ESPN 50th Annual Meeting

ESPN 2017


 
Do children with hypertension and snoring have severe OSAS?
GEORGIA MALAKASIOTI 1 EMMANOUEL ALEXOPOULOS 1 ANNA-MARIA MYLONA 1 KONSTANTINOS GOURGOULIANIS 1 ATHANASIOS KADITIS 1

1- LARISSA UNIVERSITY HOSPITAL, LARISSA, GREECE
 
Introduction:

Blood pressure elevation is an OSAS-associated morbidity which is apparent mostly in children with apnea-hypopnea index (AHI)>5 episodes/h (moderate-to-severe OSAS). We aimed to evaluate systolic or diastolic hypertension (≥95th percentile for age, gender and height; Pediatrics 2004;114:555) as predictors of AHI>5 in children with snoring.

Material and methods:

Retrospective cohort of children aged ≥5 years with snoring and adenotonsillar hypertrophy and/or obesity who were referred for polysomnography (PSG) over 10 years. Blood pressure (BP) was measured X3 in the morning after polysomnography and percentiles were calculated for average systolic and diastolic BP. Logistic regression was applied to assess the association of systolic or diastolic hypertension with AHI>5 adjusted for body mass index z-score and age.

Results:

Data of 598 children with snoring (median age 6.6 years;range 5-15.1;26.8% obese) were analyzed. Prevalence of systolic or diastolic hypertension was 9.4% and 8.4%, respectively and frequency of AHI>5 was 16.7%. Systolic hypertension was a significant predictor of moderate-to-severe OSAS (OR 2.1; 95% CI 1.1-4.1;P=0.02), but diastolic hypertension was not (OR 1.2; 0.6-2.5; P>0.05). The odds of AHI>5 prior to considering systolic hypertension was 0.20 and after considering its presence increased to 0.40 (Bayes theorem), i.e. for every 6 children with snoring undergoing PSG, 1 had AHI>5, while for every 4 children with systolic hypertension and snoring tested, 1 was found to have AHI>5.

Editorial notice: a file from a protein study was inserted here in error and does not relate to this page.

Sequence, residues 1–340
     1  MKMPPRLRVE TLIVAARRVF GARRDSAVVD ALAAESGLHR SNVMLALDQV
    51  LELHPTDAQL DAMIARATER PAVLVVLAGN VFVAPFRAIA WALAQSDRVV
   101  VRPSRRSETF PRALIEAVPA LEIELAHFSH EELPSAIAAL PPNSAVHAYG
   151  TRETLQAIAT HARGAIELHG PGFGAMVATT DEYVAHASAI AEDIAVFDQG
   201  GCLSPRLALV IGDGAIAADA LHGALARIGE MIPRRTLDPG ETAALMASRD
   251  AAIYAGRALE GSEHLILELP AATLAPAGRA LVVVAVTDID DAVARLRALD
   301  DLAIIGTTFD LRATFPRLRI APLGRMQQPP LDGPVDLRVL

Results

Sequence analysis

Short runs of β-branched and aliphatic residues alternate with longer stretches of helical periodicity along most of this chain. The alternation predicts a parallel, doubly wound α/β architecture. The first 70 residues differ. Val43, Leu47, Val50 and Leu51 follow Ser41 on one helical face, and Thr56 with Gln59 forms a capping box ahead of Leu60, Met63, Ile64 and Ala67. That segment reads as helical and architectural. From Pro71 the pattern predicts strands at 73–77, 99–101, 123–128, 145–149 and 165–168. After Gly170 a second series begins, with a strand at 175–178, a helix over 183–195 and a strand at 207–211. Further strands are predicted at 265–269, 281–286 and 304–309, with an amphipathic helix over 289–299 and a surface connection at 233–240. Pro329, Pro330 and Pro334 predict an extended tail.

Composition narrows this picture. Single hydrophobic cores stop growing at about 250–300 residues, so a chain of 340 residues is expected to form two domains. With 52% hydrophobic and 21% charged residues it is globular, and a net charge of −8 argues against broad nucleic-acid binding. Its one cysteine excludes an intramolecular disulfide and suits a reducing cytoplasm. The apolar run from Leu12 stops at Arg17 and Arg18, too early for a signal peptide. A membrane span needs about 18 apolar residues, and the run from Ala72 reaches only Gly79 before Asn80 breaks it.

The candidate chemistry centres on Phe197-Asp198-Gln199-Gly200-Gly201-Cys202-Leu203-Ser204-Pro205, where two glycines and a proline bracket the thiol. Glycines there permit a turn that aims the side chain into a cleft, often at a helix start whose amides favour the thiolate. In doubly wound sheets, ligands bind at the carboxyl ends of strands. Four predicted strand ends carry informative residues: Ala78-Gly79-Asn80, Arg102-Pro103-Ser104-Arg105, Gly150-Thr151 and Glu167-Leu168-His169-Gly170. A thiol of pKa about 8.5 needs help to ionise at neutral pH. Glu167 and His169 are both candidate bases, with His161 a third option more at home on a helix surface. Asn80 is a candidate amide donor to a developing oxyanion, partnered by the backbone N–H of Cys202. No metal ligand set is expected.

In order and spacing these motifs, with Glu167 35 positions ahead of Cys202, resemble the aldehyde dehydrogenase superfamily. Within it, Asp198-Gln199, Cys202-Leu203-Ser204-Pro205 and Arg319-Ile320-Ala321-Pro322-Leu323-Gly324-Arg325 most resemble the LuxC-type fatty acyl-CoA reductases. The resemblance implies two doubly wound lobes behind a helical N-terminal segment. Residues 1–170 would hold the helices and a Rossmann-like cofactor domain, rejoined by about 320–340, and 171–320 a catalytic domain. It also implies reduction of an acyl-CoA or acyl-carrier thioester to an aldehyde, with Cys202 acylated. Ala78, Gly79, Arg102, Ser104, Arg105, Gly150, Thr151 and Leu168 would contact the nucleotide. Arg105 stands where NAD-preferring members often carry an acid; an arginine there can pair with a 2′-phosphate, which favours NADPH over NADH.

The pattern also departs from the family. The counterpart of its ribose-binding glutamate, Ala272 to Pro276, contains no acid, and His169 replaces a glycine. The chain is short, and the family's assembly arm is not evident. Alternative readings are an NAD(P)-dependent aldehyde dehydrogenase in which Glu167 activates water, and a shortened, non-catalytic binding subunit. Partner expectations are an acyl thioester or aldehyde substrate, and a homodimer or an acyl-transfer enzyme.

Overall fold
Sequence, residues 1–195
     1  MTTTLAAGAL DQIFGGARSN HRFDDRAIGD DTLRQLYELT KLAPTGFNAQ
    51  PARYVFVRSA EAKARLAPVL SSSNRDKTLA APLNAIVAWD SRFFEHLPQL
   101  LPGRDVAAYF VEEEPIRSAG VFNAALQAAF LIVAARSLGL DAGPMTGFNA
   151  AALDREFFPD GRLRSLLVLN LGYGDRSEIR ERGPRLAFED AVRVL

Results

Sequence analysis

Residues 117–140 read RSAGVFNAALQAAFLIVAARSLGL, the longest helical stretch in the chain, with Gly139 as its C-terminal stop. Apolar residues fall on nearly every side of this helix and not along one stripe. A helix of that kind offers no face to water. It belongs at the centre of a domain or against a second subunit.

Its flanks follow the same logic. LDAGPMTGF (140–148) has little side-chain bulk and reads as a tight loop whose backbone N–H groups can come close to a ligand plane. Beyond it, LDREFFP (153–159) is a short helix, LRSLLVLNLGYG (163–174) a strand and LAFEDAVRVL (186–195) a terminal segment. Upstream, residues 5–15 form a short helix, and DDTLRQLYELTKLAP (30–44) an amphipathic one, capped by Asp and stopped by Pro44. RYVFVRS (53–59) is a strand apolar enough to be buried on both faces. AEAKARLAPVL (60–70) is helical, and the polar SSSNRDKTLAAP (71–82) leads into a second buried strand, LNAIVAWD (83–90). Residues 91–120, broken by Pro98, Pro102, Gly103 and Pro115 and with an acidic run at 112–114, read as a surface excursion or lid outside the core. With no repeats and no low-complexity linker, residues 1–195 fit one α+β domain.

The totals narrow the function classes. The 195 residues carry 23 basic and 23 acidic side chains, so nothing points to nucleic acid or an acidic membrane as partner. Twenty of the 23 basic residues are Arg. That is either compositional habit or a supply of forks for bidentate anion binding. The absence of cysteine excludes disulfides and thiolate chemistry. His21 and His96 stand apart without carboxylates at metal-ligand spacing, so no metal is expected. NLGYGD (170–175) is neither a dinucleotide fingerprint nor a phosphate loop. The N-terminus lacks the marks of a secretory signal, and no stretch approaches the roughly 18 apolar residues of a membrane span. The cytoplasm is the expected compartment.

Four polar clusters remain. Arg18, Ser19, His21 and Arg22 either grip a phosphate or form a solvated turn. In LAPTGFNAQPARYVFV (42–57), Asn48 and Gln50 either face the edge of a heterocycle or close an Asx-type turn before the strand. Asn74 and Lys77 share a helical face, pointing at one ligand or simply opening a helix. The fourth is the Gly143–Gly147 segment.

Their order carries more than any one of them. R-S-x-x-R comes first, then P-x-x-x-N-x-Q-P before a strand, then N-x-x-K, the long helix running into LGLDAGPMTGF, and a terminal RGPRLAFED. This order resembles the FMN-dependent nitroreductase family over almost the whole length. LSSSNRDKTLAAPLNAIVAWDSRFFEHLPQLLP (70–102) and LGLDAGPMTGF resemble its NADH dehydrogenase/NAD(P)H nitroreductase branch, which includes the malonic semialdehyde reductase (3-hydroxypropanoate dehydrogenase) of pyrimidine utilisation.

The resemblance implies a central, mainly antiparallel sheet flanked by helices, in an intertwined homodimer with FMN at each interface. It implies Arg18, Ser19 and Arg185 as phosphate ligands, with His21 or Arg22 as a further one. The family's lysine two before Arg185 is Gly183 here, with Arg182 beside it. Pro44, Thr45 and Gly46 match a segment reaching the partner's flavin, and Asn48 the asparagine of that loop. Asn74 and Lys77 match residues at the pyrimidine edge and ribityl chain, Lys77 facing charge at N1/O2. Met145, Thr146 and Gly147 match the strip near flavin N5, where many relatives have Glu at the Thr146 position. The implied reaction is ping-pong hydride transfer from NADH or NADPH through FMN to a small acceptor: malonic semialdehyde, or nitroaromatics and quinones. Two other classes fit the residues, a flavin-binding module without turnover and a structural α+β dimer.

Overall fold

Conclusions:

In the context of systolic hypertension and snoring in an otherwise healthy child, referral for PSG to rule out moderate-to-severe OSAS seems to be clinically appropriate.